You’ll be asked to submit with the filing a minimum of four letters from people you know. You’ll receive specific instructions as to what they should write on your behalf. They can be friends, colleagues, associates, etc., but they can’t be relatives.
Once submitted to the D.A., an investigator will call at least a couple of them without notice. They’ll ask your friend or colleague how long they’ve known you, how you met, etc. These investigators will often be former police officers who apply the same technique of questioning that they use on suspects or witnesses. They might, for instance, ask the same question twice to see if you’re telling the truth.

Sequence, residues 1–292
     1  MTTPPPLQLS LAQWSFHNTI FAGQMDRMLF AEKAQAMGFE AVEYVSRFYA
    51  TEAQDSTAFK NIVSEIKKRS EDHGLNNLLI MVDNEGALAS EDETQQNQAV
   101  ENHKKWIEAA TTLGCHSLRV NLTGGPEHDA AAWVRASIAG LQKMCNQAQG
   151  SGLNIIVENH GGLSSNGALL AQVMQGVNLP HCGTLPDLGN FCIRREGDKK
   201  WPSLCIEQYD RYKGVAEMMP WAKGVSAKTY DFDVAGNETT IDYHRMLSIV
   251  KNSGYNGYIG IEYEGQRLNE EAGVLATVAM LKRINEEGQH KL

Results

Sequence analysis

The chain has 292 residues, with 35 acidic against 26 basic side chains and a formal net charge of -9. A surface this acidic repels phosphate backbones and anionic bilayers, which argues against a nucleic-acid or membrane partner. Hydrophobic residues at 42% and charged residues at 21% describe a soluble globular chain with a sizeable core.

Whether you’re going for an expungement, a certificate or a governor’s pardon, I cannot stress enough how much it will help your cause by volunteering your time at charitable organizations. Mind you, some organizations will require background checks and will likely not admit you if you have a criminal record. But many of them do, especially ones that offer community service work for probationers. I’d recommend calling the organization to find out if they’ll accept you. I worked with two organizations and had them write letters on my behalf to include in both my filings for expungement and certificate.
I had a friend retain a private attorney for his CoR. This lawyer referred a forensic psychologist for my friend to see for a handful of sessions. On top of the $5K legal retainer, he had to pay an additional $2,500 for these counseling sessions. When I asked Rose whether or not I should do the same, she said that it’s rare that it’s ever needed for the filing and should only be done if the judge requests it. Again, I’m only speaking from my experience with the downtown L.A. court.